NEWS
10/15/2020 20:51 EDT | Updated 10/16/2020 13:32 EDT

Toronto Police Identify Christine Jessop's Killer As Calvin Hoover

He died in 2015.

Chris Young/The Canadian Press
Toronto Police Chief James Ramer sits next to a screen displaying photos of Calvin Hoover during a news conference at Toronto Police Headquarters on Thursday.

TORONTO — A man who died five years ago was the likely killer of a nine-year-old girl in a 1984 murder that sparked widespread revulsion and led to a notorious wrongful conviction, Toronto police said on Thursday.

At a news conference, Chief James Ramer said DNA evidence indicated Calvin Hoover, then 28, had sexually assaulted Christine Jessop and would have been charged with her murder if he were alive. A lawyer for Jessop’s family said they learned from police that Hoover died by suicide in 2015. 

Ramer said police were still looking for more information on Hoover, who had lived near Christine’s family.

“Today’s announcement is only the first very important answer in this ongoing investigation,” Ramer said. “It has obviously generated many more questions.”

Tooronto Police Service HO/The Canadian Press
Christine Jessop is seen in an undated family handout photo.

Christine, of Queensville, Ont., disappeared on Oct. 3, 1984, as she headed to a park after school to meet a friend. Her body was found on New Year’s Eve that year in a farm field about 55 kilometres away. Forensic evidence indicated she had been sexually assaulted and stabbed soon after her abduction.

Lawyer Tim Danson, who has represented the Jessop family, said they were in shock and still processing the sudden turn of events.

“There is an emptiness that Calvin Hoover did not answer for his brutal and cowardly crimes in a court of law and thereafter, in a prison cell,” Danson told The Canadian Press. “Suicide was too good for a person who committed such a horrific crime on such a beautiful innocent child.”

Described as a sweet girl who loved animals and sports, Christine’s killing sparked widespread fear, sadness and anger.

Hoover and his wife apparently had a “neighbour acquaintance” relationship with the family at the time, police said.

Ramer said Hoover’s DNA had been positively matched to semen found in Christine’s underwear. However, he was only identified as a potential suspect through genetic genealogy tracing done in the United States. Confirmation then came from matching the semen to an autopsy blood sample of his at the Centre for Forensic Sciences in Toronto.

Tooronto Police Service HO/The Canadian Press
Calvin Hoover is seen in an undated police handout photo.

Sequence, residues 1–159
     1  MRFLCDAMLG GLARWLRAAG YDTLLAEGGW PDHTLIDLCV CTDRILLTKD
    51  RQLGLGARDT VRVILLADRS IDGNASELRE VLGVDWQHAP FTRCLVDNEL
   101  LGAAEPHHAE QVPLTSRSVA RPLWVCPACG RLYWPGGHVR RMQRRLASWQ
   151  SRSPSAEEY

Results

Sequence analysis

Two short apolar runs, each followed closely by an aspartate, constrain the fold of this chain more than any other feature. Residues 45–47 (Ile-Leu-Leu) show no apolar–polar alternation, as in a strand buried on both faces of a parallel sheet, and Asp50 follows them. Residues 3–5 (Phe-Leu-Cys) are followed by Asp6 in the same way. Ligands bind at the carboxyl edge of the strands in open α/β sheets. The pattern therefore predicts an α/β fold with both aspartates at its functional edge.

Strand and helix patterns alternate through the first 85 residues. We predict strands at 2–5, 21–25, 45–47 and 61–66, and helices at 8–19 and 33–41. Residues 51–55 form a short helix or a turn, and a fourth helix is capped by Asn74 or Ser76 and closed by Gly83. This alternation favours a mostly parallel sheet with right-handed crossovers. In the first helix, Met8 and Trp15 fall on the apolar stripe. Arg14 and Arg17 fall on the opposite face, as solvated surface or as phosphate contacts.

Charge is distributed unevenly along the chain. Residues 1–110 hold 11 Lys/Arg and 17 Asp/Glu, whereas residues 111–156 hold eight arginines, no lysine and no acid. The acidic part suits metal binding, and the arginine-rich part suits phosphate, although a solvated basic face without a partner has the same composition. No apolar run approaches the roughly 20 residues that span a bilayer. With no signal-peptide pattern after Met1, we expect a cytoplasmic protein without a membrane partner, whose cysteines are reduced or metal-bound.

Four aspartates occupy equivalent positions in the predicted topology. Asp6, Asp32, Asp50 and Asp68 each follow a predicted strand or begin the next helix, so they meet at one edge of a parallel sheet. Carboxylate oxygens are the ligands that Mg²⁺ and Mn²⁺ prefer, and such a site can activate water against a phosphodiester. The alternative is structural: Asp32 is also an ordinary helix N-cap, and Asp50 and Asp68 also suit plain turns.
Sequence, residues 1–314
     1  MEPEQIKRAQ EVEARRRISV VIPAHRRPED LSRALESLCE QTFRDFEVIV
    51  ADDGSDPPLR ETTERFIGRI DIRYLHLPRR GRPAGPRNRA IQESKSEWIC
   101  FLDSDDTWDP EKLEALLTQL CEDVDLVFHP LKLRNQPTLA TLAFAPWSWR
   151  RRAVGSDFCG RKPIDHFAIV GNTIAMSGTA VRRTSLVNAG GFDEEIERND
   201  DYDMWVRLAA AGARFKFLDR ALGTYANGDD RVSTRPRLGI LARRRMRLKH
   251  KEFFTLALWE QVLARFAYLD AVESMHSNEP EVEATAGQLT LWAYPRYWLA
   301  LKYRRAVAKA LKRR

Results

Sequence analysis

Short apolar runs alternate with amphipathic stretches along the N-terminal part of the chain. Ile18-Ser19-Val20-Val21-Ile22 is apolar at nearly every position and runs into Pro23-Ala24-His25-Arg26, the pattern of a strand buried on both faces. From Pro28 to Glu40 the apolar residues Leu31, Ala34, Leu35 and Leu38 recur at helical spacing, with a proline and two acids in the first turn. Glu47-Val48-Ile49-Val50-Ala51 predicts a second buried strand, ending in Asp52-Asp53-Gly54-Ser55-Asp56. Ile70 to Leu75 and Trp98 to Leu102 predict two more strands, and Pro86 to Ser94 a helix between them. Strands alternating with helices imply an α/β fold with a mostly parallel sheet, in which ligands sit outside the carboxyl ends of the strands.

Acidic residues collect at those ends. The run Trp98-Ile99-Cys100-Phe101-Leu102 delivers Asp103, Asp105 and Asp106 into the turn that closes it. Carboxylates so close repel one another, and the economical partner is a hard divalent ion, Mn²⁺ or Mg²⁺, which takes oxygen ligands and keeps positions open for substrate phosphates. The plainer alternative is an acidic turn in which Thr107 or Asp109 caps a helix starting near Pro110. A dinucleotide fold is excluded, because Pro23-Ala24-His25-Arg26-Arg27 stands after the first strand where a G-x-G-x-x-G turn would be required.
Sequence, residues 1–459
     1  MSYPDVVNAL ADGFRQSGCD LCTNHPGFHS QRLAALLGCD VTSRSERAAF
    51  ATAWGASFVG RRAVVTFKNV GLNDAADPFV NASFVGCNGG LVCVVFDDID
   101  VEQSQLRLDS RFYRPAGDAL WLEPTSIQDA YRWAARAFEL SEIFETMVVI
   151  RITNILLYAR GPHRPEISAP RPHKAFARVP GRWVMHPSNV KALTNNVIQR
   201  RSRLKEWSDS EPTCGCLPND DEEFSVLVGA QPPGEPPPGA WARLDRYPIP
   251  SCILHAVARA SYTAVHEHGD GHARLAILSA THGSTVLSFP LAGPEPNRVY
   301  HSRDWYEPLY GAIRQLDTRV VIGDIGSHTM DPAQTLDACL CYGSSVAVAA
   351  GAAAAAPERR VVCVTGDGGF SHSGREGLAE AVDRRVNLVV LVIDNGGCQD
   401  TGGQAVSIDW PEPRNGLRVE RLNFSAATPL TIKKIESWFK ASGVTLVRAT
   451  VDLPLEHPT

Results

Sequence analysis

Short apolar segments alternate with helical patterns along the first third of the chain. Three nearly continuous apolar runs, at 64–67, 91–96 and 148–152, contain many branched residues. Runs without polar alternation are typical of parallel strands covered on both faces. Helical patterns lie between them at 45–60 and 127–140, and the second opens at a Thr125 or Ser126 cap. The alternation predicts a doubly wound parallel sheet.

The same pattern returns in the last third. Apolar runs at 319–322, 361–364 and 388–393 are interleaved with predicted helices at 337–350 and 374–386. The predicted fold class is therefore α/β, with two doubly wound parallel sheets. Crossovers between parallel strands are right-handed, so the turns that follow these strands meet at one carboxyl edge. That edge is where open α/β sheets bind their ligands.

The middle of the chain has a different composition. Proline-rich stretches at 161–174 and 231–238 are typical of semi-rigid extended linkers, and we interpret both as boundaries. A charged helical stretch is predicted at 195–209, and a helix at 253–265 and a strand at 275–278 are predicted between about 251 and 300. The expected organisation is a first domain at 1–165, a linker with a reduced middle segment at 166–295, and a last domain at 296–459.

The identification of Hoover as the culprit came with a great sense of relief, Ramer said.

“This has impacted the entire judiciary and the legal system in terms of prosecutors, judges and everyone involved in this process,” Ramer said. “We are all genuinely relieved that the person actually responsible for this has finally been identified.”

Hoover’s death did not involve foul play, Ramer said. While he did have a “dated” criminal record, it was of no significance to the killing.

Police also put out an old photograph of Hoover in hopes it might jog memories about his whereabouts at the time of the killing. They also said they were looking for information on his later activities.

Officers met with the Jessop family as well as with Guy Paul Morin, who was wrongfully convicted in the case, before the announcement.

“There’s nothing I could say today that can reverse the tragic events of 36 years ago,” Ramer said. “There are no winners.”

In 1985, police arrested and charged Morin, Christine’s then-24-year-old neighbour, in her killing. Morin was acquitted at his first trial, but convicted of first-degree murder on retrial in 1992 and sentenced to life in prison.

Chris Young/The Canadian Press
Toronto Police Chief James Ramer sits next to a screen displaying a photo of Christine Jessop during a news conference at Toronto Police Headquarters on Thursday.

DNA evidence finally exonerated him 1995, prompting the Ontario government to apologize for his prosecution and pay him $1.25-million in compensation.

In a statement Thursday, Morin said he was relieved for Christine’s family, hoping the announcement would give them some peace of mind after going through a “dreadful ordeal” for 36 years.  

“When DNA exonerated me in January, 1995, I was sure that one day DNA would reveal the real killer and now it has,” Morin said.

Morin’s wrongful conviction — based in part on police and Crown tunnel vision and jailhouse informants — was subject of a judicial inquiry.

“I am not here today to revisit that historical investigation,” Ramer said. “I believe there’s no greater acknowledgment of his exoneration than the continued efforts of the Toronto Police Service to identify the person responsible for Christine’s murder.”

Christine’s older brother, Kenney, who was a teen at the time of her disappearance, said two years ago that he believed there would eventually be a DNA match but that her killer would be dead.

“One day there will be an announcement, ‘We made a match’,” he told the East Gwillimbury Express. “Then there will be a press conference.”

This report by The Canadian Press was first published Oct. 15, 2020.

CORRECTION: An earlier headline on this story said Christine Jessop was killed 19 years ago. She was actually killed 36 years ago.

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